It was the turn of the 20th century. Horse-drawn carriages made their way down unpaved streets. A young sign painter, brush in hand, worked diligently on the bread advertisement he was painting on the wall of the building. As he worked, he thought to himself that he could certainly find better things to say about bread than the words he was painting. And, very soon, the young sign painter did just that.
The young man was W.E. Long. In 1900, he founded the Company that bears his name to this day — The W.E. Long Company. Long was young, enthusiastic and firmly believed in the future of the baking industry. In the beginning, Long peddled his advertising program town to town. He was successful at presenting ideas for billboards to bakers.
While traveling in New York State in 1908, W.E. Long saw the brand name “Holsum.” He inquired about the availability of the brand name and soon obtained the exclusive right to the name “Holsum” for the W.E. Long Company.
By 1909, the young painter had established his company as being a specialty house in bakery advertising. Now, the young man turned to a different aspect of the bakery business. Until this time, bread was sold without benefit of wrapper. While President Theodore Roosevelt was hunting big game in Africa, Long presented his clients with an idea. Why not be the first to sell wrapped bread? And so, in 1909, Holsum Bread was not only: “Fresh and Sweet – Good to Eat”…but, it was hand-wrapped and tied with a string.
Thus a new kind of bread was born, far surpassing any other bread on the grocers’ shelves. It was not any surprise to learn that the bread wrapped in a red and white package quickly became popular with housewives.
In looking at the overall baking industry picture, it was becoming more and more obvious that the independent wholesale baker was fighting a long bitter uphill battle against the chain and corporate bakers. Looking to the years ahead, it seemed obvious that to survive necessitated unified action, specifically at this stage in advertising and merchandising. To accomplish this, it was quite obvious that a common denominator wrapper design and brand name would have to be agreed upon and used.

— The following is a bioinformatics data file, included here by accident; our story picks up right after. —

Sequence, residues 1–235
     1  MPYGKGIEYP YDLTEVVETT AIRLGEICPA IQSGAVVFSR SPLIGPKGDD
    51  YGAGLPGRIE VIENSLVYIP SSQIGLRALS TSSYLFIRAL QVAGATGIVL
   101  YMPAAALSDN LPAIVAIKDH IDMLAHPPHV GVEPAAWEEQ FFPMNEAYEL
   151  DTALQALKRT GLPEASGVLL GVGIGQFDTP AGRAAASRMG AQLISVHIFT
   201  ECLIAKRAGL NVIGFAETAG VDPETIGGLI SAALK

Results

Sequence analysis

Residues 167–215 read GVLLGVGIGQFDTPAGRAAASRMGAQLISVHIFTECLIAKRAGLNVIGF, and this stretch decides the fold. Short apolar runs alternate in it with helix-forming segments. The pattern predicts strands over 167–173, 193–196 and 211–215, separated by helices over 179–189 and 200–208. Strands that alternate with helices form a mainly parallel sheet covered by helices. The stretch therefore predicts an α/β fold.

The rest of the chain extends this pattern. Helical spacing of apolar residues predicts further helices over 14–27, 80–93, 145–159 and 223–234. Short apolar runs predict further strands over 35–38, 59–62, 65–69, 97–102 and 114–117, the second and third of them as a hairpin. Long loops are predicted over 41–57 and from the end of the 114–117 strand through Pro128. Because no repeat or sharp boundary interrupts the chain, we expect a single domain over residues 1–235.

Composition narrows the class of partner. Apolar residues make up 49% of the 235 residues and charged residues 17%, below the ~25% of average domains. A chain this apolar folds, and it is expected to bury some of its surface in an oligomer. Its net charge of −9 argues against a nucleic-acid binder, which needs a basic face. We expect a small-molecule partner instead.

In 1948, Long and another employee, William L. Goodman, began planning the Holsum Unification Program. This program had been one of Mr. Long’s earliest dreams. Under the HUP, an official Holsum wrapper was designed and introduced to the market creating one consistent image for Holsum bread. It was a combined advertising and marketing promotional package that could be used by bakers throughout the country. The production of this program was to be financed by the shared cost of combined advertising dollars of all participants. The program was called the Official Cooperative Advertising Program or OCAP.
From its humble beginning, Holsum has become known across the United States, Canada, and Puerto Rico, as great tasting bread made with the finest quality ingredients.